10 Questions: Raj De's career has taken him from 9/11 Commission to White House to NSA
Nearly 20 years ago, a young Harvard Law School student named Raj De sat in his mentor’s office and explained why he’d decided to bypass BigLaw for the Department of Justice.
The older lawyer understood completely. “You should always go where the action is,” he counseled.
De took this advice—and then some. Leadership roles at the DOJ? Check. 9/11 Commission? He was a part of it, serving as counsel and contributing to its historic final report. U.S. Senate? Check that off, too: De was counsel to the committee charged with drafting and implementing intelligence reform legislation.
Then came two dizzyingly busy years at the White House, where De worked directly with President Barack Obama as staff secretary. The follow-up? Three years as general counsel to the National Security Agency, where he helped steer the agency through perhaps its biggest crisis—the leak of countless classified documents by former contractor Edward Snowden. De left the NSA last March for the private sector, returning to the Washington, D.C., office of Mayer Brown—the law firm where he was a partner before working with the NSA—to direct the firm’s global cybersecurity and data privacy practice.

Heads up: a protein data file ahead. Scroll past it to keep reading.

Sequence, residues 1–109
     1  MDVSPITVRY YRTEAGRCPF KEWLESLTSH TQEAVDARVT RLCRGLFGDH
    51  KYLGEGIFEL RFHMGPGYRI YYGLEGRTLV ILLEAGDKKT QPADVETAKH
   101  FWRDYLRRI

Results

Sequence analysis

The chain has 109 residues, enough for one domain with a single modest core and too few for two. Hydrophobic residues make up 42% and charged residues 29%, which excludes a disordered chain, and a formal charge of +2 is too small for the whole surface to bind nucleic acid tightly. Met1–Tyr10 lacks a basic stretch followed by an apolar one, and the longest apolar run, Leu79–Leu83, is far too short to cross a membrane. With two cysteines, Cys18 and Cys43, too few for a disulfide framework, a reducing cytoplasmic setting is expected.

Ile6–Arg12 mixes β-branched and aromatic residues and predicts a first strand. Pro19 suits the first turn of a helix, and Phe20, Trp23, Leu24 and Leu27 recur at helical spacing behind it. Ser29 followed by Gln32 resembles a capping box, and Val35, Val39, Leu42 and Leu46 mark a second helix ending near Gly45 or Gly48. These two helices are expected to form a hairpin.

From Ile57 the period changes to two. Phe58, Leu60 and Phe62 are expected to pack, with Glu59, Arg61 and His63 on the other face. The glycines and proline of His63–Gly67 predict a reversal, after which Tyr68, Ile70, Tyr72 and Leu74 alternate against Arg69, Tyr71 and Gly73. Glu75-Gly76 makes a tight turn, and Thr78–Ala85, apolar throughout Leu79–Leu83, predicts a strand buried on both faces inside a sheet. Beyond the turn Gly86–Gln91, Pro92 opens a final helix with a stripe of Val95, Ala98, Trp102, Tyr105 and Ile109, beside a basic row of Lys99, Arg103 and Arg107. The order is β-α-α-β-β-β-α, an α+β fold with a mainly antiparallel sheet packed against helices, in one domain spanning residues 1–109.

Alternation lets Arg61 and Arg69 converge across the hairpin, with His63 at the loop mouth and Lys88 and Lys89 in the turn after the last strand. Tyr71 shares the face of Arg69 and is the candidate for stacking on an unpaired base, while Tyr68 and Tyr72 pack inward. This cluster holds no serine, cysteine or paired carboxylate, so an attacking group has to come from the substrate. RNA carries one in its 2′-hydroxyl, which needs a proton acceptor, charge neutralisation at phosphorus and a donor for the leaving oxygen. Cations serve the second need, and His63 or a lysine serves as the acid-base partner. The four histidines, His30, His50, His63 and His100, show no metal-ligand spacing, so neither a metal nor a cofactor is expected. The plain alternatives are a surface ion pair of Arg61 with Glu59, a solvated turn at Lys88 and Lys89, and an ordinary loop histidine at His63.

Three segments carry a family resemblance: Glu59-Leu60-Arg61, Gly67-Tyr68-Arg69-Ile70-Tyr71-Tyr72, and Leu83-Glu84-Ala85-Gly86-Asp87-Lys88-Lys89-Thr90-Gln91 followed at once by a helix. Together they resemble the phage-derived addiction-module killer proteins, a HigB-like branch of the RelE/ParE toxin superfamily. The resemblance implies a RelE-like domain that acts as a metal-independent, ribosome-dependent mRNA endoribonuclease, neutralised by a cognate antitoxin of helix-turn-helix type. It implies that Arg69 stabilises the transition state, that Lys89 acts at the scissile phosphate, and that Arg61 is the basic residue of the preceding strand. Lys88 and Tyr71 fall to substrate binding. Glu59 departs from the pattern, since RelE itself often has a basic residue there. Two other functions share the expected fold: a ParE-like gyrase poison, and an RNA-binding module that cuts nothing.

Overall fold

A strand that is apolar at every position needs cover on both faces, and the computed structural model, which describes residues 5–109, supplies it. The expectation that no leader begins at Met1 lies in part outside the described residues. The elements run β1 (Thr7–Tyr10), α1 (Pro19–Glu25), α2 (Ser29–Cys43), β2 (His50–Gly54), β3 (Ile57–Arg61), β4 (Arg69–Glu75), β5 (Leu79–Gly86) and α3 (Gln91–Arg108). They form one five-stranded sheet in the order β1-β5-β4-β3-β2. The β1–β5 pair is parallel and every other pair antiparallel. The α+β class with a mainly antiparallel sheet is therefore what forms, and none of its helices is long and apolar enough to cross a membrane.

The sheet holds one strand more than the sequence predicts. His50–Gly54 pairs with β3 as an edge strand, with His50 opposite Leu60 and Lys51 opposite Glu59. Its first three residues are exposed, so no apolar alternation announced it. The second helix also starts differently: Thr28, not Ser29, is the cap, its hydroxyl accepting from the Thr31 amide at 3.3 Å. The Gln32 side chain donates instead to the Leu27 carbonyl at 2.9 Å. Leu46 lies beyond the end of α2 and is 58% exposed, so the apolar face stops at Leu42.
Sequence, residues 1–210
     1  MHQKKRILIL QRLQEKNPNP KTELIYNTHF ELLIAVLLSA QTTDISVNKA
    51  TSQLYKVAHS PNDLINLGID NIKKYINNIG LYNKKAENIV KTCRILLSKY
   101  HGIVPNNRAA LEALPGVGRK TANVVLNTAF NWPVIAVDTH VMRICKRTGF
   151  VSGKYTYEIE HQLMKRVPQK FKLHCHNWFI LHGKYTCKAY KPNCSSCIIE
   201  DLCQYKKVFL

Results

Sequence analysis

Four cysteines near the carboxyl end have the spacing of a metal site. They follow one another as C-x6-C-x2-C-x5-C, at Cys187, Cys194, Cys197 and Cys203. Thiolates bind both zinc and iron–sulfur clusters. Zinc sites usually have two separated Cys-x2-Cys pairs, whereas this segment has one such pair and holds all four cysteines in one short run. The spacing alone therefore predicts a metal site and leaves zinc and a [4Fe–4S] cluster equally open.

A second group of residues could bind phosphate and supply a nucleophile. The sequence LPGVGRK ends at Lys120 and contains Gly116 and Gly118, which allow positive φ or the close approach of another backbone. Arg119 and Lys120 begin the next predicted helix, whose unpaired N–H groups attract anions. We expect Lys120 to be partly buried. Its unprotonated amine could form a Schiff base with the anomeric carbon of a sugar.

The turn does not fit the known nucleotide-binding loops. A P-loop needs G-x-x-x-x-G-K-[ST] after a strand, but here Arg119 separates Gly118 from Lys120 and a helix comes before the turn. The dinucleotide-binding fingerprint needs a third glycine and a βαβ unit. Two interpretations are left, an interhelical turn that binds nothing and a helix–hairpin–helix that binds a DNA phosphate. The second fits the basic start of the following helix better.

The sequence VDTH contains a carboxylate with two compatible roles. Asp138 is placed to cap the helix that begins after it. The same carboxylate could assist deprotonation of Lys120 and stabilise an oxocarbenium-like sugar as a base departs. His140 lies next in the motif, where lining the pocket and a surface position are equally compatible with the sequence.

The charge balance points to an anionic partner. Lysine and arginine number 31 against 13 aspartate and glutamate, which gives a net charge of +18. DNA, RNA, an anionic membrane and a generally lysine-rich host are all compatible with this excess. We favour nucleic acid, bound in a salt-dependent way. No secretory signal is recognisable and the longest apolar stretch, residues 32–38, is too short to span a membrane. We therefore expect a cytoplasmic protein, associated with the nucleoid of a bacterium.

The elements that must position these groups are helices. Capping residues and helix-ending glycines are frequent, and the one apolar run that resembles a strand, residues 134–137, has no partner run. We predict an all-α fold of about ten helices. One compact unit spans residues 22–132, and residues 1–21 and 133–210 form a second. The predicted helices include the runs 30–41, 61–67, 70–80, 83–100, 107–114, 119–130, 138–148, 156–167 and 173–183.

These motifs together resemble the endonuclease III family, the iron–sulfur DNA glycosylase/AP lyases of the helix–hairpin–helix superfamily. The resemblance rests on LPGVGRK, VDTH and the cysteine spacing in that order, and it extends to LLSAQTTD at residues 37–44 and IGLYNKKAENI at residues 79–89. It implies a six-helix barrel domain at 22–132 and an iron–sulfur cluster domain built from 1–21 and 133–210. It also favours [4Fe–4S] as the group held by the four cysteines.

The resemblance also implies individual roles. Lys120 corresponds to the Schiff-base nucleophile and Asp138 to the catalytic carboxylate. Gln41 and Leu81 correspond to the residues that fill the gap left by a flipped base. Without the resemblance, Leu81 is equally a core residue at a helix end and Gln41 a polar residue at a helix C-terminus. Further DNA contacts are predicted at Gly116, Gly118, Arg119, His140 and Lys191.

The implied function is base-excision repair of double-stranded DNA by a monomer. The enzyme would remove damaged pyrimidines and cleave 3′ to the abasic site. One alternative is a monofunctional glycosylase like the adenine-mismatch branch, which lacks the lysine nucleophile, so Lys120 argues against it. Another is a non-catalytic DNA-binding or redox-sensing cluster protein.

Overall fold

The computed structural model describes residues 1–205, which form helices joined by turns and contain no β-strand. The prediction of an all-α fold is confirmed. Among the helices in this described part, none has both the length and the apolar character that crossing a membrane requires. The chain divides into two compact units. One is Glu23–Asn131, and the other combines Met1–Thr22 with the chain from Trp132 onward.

Q. Cybersecurity is one of the hottest practice areas right now. How did you get into it?
A. After my experiences at the NSA and with the White House, I started to see what a prominent issue it was for our government. The NSA isn’t just an agency involving foreign intelligence gathering; its other mission is information assurance, a function of effective cyberdefense.
Q. How do you talk to your clients about cybersecurity, outside of an NSA context?
A. It can vary. We work with very sophisticated financial entities and technology trailblazers, but we also work with companies in a range of industries where cybersecurity has not been top-of-mind. For some of those entities, we may have to explain why they may be a target for cybercrime. We explain that they may not see themselves as a primary target, but sometimes it’s not even an issue of what data you may have but what networks you are connected to. Any system may just be an entry point for a hacker.
Q. Is there a typical day for you?
A. Yes, and it usually involves an airport!
Q. It must be pretty different from the days when you flew on Air Force One with the president. What was that like?
A. It was exciting the first time and exciting the second time, but then it quickly becomes part of your work rhythm. I would say that I never stopped appreciating what an incredible opportunity it was, but it was tempered by just doing the job. For that role in particular, there is one customer—the president—and he’s a pretty focused customer.
Q. So you’re traveling a lot now for work?
A. It’s been just over a year since I’ve returned to private practice, so I am relationship-building: checking in with GCs, existing clients and potential clients. I am also doing a fair amount of public speaking and presenting to boards of directors.